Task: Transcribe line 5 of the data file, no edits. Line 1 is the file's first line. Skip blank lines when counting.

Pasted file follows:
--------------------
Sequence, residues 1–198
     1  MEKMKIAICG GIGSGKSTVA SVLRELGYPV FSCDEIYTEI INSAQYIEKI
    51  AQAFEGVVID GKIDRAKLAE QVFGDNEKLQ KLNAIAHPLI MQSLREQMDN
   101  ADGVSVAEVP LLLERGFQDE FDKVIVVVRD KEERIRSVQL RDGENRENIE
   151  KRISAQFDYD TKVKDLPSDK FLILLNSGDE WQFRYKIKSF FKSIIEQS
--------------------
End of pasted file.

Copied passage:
   151  KRISAQFDYD TKVKDLPSDK FLILLNSGDE WQFRYKIKSF FKSIIEQS